Determining the ages of sub-fossil cetacean remains, found in the Carse of Stirling, Scotland

McMaster, Patrick (2024) Determining the ages of sub-fossil cetacean remains, found in the Carse of Stirling, Scotland. MRes thesis, University of Glasgow.

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During the 19th and early 20th centuries, sub-fossil cetacean remains were often discovered in the Firth of Forth, Central Scotland. These bones and skeletons of "Whales" were excavated from a recent, estuarine deposit (named "carse clay") and, within the biological and geological sciences, were not judged to be important. That palaeontological evidence is re-evaluated in this thesis. These cetacean remains have been preserved in an unusual marine environment and form an exceptional fossil assemblage, with almost no geological precedents. Why is it there?

Whatever caused exceptional preservation in the Firth of Forth in the early Holocene (c. 9.5 – 2.5ka cal BP) can be best identified with chronological data. The ages of six sets of cetacean remains are determined in this thesis, by radiocarbon dating and stratigraphic inference. To reconstruct where a bone or skeleton had been found in the "carse" and then to identify any surviving elements in modern museum collections, archaic textual sources had to be thoroughly investigated. Radiocarbon dates from marine organisms require correction for "reservoir effects" and those applicable to mysticete cetaceans require careful consideration.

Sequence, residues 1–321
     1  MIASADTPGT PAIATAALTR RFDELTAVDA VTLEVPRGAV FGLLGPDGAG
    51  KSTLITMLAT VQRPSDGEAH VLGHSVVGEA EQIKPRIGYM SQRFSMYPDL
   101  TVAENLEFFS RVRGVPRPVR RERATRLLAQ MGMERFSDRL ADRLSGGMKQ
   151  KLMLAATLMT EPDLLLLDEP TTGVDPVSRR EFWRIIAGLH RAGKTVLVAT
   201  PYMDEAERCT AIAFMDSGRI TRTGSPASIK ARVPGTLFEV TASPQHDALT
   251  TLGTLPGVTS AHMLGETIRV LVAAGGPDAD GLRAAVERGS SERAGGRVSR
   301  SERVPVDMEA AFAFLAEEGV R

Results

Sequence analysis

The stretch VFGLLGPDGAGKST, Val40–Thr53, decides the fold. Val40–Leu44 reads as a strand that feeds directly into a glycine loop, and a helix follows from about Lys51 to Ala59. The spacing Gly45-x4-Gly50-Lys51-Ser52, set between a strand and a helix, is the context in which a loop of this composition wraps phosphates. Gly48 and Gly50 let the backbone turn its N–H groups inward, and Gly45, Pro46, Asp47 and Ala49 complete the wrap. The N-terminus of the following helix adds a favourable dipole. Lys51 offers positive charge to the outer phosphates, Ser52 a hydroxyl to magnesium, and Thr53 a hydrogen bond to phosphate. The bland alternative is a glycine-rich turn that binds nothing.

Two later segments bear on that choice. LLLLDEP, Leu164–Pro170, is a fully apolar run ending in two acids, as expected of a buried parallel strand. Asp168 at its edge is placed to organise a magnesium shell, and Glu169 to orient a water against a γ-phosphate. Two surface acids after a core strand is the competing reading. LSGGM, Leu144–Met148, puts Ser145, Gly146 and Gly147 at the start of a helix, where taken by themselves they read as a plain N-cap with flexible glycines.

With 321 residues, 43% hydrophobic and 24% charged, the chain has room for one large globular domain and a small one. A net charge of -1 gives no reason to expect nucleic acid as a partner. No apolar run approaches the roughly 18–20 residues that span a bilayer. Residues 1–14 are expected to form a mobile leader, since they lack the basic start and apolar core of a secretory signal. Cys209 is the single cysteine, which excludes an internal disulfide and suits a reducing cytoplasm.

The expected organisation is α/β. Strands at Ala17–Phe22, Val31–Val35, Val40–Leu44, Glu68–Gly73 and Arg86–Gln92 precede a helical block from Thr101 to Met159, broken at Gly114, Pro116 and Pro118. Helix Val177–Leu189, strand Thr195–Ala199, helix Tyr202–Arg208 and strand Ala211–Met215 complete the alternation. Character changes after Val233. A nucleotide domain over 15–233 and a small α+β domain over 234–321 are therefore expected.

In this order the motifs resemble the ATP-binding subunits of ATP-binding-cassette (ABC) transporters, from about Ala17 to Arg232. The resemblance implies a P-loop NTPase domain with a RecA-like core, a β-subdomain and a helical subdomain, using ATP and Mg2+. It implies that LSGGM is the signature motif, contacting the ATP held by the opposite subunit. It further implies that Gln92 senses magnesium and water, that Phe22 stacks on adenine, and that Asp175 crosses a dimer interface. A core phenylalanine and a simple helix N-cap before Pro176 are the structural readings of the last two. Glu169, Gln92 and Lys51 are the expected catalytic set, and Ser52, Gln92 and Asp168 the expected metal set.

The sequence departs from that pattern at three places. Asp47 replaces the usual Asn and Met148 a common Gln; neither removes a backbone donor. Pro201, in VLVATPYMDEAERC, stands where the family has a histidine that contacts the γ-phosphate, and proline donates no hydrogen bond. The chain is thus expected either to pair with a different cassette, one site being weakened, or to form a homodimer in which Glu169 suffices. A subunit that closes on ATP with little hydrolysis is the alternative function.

The absolute dating evidence shows that no two "Whales" are the same age and that each died, and was then preserved, over the period 9.5 – 7.0ka cal BP. Therefore, a "disaster" (e.g. tsunami) or mass mortality is unlikely to have caused these remains to accumulate. A combination of physical processes and stable environmental conditions are more likely responsible, and might still permit exceptional preservation in the modern Firth of Forth. Actualistic experiment (observing if, and how, a cetacean carcass is preserved or dispersed on a modern tidal foreshore) would allow further insights into this cryptic palaeontological assemblage.

Item Type: Thesis (MRes)
Qualification Level: Masters
Additional Information: The National Environmental Isotope Facility (NEIF) provided funding for five radiocarbon dates, presented in this thesis (No. 2371.0321).
Subjects: Q Science > QE Geology
Q Science > QH Natural history
Colleges/Schools: College of Science and Engineering > School of Geographical and Earth Sciences
Supervisor's Name: Persano, Professor Cristina, Staff, Dr. Richard and Owen, Dr. Amanda
Date of Award: 2024
Depositing User: Theses Team
Unique ID: glathesis:2024-84037
Copyright: Copyright of this thesis is held by the author.
Date Deposited: 19 Jan 2024 12:37
Last Modified: 19 Jan 2024 14:44
Thesis DOI: 10.5525/gla.thesis.84037

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